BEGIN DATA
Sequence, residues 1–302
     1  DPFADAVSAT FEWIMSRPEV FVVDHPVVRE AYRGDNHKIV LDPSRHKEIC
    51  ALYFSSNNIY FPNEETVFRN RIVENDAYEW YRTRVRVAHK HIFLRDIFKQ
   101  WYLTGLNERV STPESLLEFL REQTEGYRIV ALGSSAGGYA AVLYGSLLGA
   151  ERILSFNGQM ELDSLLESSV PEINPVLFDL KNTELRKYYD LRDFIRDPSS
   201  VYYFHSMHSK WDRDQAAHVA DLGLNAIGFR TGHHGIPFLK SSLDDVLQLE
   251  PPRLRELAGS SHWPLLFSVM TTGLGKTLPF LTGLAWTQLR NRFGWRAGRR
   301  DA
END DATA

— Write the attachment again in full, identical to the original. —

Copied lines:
Sequence, residues 1–302
     1  DPFADAVSAT FEWIMSRPEV FVVDHPVVRE AYRGDNHKIV LDPSRHKEIC
    51  ALYFSSNNIY FPNEETVFRN RIVENDAYEW YRTRVRVAHK HIFLRDIFKQ
   101  WYLTGLNERV STPESLLEFL REQTEGYRIV ALGSSAGGYA AVLYGSLLGA
   151  ERILSFNGQM ELDSLLESSV PEINPVLFDL KNTELRKYYD LRDFIRDPSS
   201  VYYFHSMHSK WDRDQAAHVA DLGLNAIGFR TGHHGIPFLK SSLDDVLQLE
   251  PPRLRELAGS SHWPLLFSVM TTGLGKTLPF LTGLAWTQLR NRFGWRAGRR
   301  DA